Esplanade Concert Hall
20 May 2018)
This review was published in The Straits Times on 22 May 2018 with the title "Fast, furious and masterful takes on epic works".
The Ukrainian-American pianist Valentina Lisitsa is no stranger to monster programmes, so it may seem that she showed relative restraint by limiting her most recent recital (her third in
since 2007) to just four works. Yet, these were epics of
the repertoire, and she knew exactly how to make them sound big. Singapore
First off was Beethoven's Sonata No.23 in F minor (Op.57), better known as the “Appassionata”. The opening was icy and sullen, then came the build-up of huge chords which soon filled the hall with red hot passion, matching the bright shade of her gown. A few wrong notes were tossed off with nonchalance, as nothing would stand in the way of her single-minded steely charge.
The slow movement's theme and variations provided moments of calm respite, before the perpetual motion in the whirlwind finale swept any hint of doubt aside. The next work, Rachmaninov's First Sonata in D minor (op.28), purportedly inspired by the Faust legend, would follow a similar schema except on an even larger scale.
Most pianists take between 35 to 40 minutes to tackle this behemoth, but Lisitsa horse-whipped it to just under 31 minutes. It sounded rushed at parts, especially in the Mephistophelean finale, but there was no mistaking her mastery of its overarching narrative. An ageing but restless Faust (portrayed in the opening movement) was well contrasted with the innocence and tenderness of Gretchen (the slow movement) before the finale's Dies Irae chant-filled onslaught to the abyss.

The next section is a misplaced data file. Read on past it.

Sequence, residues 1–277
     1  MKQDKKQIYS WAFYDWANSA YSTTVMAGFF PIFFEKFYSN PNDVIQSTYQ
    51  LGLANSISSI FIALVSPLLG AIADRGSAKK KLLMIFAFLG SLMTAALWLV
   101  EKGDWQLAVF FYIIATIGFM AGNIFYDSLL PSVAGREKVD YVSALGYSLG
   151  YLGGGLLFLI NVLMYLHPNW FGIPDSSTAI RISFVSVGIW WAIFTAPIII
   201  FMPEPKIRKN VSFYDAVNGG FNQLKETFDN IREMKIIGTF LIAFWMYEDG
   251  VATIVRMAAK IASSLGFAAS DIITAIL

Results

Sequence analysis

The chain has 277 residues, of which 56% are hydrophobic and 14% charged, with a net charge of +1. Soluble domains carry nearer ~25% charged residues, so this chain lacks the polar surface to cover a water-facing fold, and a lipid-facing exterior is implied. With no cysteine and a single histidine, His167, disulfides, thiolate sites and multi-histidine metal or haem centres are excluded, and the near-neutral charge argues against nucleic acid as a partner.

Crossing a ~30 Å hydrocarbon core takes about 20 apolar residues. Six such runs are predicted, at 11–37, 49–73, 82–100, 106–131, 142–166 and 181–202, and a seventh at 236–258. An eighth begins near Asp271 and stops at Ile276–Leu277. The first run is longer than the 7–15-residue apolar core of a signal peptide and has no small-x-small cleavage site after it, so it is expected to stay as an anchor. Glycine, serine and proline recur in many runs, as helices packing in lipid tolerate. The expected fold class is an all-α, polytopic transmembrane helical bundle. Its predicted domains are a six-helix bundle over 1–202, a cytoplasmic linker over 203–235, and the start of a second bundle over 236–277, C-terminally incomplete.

For the first of three devilish pieces in Ravel's Gaspard de la nuit, Lisitsa found a silken and pearly touch for the watery realm of Ondine, before a tidal wave of arpeggios at the end revealed a more malevolent intent. Le Gibet (The Gallows) was coloured with the incessant tolling of a distant bell, a sort of fatal aural balm hypnotically cast in B flat.
In the notorious Scarbo, the suite's most fiendishly difficult movement, she went for broke by tearing through its thorny and barbed thickets. Again it seemed all too fast, with the crossing octaves and chords at the rapturous climaxes coming across like a blur, but the effect was no less gripping. There was a stunned silence before applause rang out unreservedly.
The programme's final work was Mussorgsky's Pictures at an Exhibition, which began with a take-no-prisoners approach for its opening Promenade. Fortunately a more nuanced performance than earlier anticipated unfolded, with a wealth of contrasts and dynamics displayed in the successive movements. However, one would still marvel at the speed and power in Lisitsa's cascading octaves for Baba Yaga's Hut (almost a first cousin of Scarbo) and the concluding Great Gate of Kiev, which brought down the house.
Ever generous with encores, Lisitsa showered her adoring audience with Liszt's coruscating Second Hungarian Rhapsody and all three movements of Beethoven's Moonlight Sonata. A standing ovation ensured that no one went home empty-handed.
Valentina Lisitsa's piano recital was a presentation in the Aureus Great Artists Series.